Where are All the Japanese Unicorns?
Japan is losing the Tech Race - but a single AI start-up is hoping to change that.
Tokyo still manages to look futuristic even as the Japanese economy falls behind
A robot that can find the laundry, even if you have moved it recently, is hoping to change the entire Japan start-up scene. Daisuke Okanohara and Toru Nishikawa, co-founders of Preferred Networks, have stated that their artificial intelligence software is going to enable a human support robot so that it can detect and react to changes that are happening in the environment in its own unique way.
The technology really is a source of pride for the firm and right now it's worth over $2 billion. This kind of valuation is rare for a start-up. Sure, the US and even China have hundreds of "unicorns", which essentially are private companies worth at least $1 billion. The problem? Japan only has three, with Preferred Networks having the biggest valuation in the short lineup. The other two are fintech company Liquid Group and global news discovery company SmartNews.
It's very understandable that the constant cycle of tech is pushing more and more Japanese businesses to evolve faster. They need to do this just so that they can keep up and remain trusted or secure. It wasn't always this way, though. The world's third biggest economy was once a leader when it came to innovative tech. After all, this was the country that gave the world the pocket calculator, the Walkman, and even LED lights, too. Japan however has since fallen behind in the race and they seem to be having a hard time bringing those days back.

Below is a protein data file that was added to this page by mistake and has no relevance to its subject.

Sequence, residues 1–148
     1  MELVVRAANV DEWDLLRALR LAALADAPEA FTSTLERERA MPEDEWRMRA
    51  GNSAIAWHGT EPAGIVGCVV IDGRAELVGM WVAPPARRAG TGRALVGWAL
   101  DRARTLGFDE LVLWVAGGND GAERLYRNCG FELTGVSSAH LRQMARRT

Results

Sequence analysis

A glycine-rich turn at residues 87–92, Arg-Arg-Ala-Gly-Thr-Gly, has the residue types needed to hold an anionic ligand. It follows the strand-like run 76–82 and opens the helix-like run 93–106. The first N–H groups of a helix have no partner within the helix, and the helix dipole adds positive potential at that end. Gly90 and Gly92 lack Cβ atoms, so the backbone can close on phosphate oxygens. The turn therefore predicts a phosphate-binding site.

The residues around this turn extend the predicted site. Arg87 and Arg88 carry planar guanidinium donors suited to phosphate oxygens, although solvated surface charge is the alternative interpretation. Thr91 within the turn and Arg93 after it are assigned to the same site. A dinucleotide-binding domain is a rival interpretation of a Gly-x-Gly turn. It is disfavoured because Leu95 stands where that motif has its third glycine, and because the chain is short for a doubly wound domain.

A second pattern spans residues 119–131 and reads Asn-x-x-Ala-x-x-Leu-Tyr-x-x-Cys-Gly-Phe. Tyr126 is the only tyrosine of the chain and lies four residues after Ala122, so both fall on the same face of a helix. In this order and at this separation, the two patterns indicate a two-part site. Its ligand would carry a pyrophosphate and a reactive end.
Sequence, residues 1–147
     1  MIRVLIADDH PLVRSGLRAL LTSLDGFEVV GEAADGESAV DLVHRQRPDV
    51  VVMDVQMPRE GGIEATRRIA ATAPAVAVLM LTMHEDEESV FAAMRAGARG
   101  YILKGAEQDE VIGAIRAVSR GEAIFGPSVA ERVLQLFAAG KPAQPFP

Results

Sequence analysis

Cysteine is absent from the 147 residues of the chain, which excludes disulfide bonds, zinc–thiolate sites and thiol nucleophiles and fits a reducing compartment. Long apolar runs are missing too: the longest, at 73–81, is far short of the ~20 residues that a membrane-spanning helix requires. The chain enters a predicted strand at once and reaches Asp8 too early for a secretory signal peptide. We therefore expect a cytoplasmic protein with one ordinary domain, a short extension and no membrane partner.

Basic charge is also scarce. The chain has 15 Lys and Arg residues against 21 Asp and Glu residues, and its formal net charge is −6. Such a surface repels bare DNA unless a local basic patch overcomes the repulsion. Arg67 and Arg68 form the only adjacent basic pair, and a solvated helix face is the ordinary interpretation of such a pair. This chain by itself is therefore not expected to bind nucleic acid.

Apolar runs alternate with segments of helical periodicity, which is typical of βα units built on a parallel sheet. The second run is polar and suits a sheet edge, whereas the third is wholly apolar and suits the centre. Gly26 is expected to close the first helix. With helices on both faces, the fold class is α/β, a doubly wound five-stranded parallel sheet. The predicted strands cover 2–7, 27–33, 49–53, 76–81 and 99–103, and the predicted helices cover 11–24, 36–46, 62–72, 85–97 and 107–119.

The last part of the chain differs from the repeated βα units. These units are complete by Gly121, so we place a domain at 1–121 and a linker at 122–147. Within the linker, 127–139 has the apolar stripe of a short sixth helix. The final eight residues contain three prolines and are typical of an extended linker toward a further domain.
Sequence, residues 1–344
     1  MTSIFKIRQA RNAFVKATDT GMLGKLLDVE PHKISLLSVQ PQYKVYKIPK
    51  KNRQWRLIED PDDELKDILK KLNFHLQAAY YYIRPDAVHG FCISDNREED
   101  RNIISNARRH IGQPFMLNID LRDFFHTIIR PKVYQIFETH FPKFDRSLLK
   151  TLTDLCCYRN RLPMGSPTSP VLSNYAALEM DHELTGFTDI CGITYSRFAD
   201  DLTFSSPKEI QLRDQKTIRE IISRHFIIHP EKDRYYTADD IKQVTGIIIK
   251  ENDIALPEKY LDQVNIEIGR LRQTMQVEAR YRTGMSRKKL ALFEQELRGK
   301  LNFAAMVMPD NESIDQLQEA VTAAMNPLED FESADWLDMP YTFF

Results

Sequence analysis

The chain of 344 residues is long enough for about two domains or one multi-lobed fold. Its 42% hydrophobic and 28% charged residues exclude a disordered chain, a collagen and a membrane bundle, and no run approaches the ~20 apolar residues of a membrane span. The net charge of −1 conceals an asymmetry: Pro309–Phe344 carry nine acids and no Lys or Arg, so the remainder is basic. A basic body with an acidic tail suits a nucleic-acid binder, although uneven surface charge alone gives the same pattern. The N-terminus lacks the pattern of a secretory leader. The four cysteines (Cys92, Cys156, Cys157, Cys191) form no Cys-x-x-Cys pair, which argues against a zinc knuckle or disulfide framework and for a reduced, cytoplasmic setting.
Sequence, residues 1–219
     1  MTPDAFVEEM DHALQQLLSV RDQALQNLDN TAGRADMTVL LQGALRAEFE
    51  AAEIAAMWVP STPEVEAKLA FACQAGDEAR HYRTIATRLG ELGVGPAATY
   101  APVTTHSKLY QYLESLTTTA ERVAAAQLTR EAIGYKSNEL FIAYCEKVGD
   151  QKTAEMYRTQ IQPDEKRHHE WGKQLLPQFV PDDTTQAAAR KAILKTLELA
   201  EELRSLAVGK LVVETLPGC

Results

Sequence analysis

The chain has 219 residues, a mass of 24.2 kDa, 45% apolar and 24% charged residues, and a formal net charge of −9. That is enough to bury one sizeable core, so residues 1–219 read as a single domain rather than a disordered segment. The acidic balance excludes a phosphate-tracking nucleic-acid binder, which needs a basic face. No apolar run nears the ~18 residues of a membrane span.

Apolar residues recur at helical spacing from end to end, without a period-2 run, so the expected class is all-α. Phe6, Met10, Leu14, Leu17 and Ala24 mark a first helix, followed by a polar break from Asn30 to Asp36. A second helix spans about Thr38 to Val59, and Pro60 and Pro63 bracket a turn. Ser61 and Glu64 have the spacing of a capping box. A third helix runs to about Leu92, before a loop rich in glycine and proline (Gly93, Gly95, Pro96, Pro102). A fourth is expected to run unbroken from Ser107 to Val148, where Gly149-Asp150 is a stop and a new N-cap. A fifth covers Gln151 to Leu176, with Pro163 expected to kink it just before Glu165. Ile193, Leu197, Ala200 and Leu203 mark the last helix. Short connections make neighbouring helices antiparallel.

When you look at the casino NetBet, popular in Japan and worldwide, you will soon see that they have thrived and that they have also come in leaps and bounds since they first started the company. They are an internet-based company as well, but that brings up the question: why are they succeeding while other companies fail? Studies have shown that Japan was able to keep pace up until the year 2000. While Apple and Samsung took off, the revenues for Toshiba and even Sony dropped. Japanese companies that were once world leaders in the 1980s or 1990s were focused on making tech lighter and thinner.
So what happened here? The market changed. Super engineered products became much less in demand. Consumer-driven tech, which has such a strong influence on software, is now more important than ever and it's surprising to see how far it has come. Another huge Japanese name, Toyota Motors, is a major investor in Preferred Networks, putting more money into it than into any other Japanese firm.
Close to the Customer
If you want to be successful with this kind of innovation, then you have to make sure that you are close to the customer. You also need to be able to understand customer needs while having a good sense of what they actually want. Companies such as Google, Netflix and even Amazon have been responsible for making the most exciting innovative advancements over the last two decades.
In Japan however there is a limited amount of start-up companies. The problem is that everyone wants to go large and they also want to jump straight to success as well. The fact that Japan is lacking these kinds of companies means that they are going to keep on falling behind unless something is done about it, and soon.